- Associated Press - Monday, January 16, 2017

TOPEKA, Kan. (AP) - The family of a Topeka man who died in a hospital while serving a prison term in Leavenworth contends in a federal lawsuit that he died because he didn’t receive proper medical care.

Otis Bradley, 25, collapsed in his cell at the U.S. Penitentiary in Leavenworth in December 2014 while serving a 57-month sentence for being a felon in possession of a firearm, according to the lawsuit.

The family alleges that after Bradley collapsed, doctors at St. Luke’s Cushing Hospital in Leavenworth found he had abdominal pain, facial and hand numbness, drooling and eye twitching and said he would need further evaluation with prison medical staff, The Topeka Capital-Journal reported (https://bit.ly/ouF3m7 ).

The lawsuit alleges that in a follow-up appointment Dr. Kristine Aulepp, who is named in the lawsuit, found Bradley needed no further intervention. He continued to deteriorate and later diagnosed with gallstones, pancreatitis and diabetes and transferred to St. Luke’s Hospital in Kansas City, Missouri, according to the lawsuit.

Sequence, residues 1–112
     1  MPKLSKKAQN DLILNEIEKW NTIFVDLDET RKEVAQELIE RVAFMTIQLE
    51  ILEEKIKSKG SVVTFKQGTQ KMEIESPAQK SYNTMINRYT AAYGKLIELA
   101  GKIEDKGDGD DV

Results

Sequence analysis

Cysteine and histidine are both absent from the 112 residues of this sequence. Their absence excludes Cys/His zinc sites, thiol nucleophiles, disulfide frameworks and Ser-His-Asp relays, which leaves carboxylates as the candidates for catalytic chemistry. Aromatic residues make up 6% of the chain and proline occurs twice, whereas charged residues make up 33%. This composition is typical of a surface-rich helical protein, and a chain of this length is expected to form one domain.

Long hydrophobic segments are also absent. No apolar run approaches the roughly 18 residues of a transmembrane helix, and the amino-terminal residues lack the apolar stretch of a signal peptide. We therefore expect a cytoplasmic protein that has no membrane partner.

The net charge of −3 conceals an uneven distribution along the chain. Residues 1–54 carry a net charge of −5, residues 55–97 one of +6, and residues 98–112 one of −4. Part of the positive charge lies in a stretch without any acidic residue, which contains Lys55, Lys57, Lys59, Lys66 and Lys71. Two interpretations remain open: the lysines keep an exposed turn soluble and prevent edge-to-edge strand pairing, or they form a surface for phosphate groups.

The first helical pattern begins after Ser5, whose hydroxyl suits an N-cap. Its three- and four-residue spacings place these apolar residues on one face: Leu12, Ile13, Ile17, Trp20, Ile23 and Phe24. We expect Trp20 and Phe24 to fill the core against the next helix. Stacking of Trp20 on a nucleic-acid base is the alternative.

The relatives said in the lawsuit they were not notified that Bradley was hospitalized for nearly three weeks until being notified on Feb. 4, 2015, that he was on life support and they needed to go the hospital to “make decisions.”

“I know my son went through hell before he died and that is the hardest thing to deal with,” said his mother, Brenda Penrod.

According to correspondence between Penrod and the family’s lawyer, severe pancreatitis led to organ shutdown. He had a heart attack and, although doctors were able to restart his heart, he lost brain function.

The lawsuit alleges violation of Bradley’s constitutional right to be protected from cruel and unusual punishment, failure to provide reasonable care and wrongful death. The suit asks for $75,000.

Federal Bureau of Prisons spokesman Justin Long said the agency doesn’t comment on ongoing litigation.


Information from: The Topeka (Kan.) Capital-Journal, https://www.cjonline.com

Copyright © 2019 The Washington Times, LLC.

The Washington Times Comment Policy

The Washington Times welcomes your comments on Spot.im, our third-party provider. Please read our Comment Policy before commenting.


Click to Read More and View Comments

Click to Hide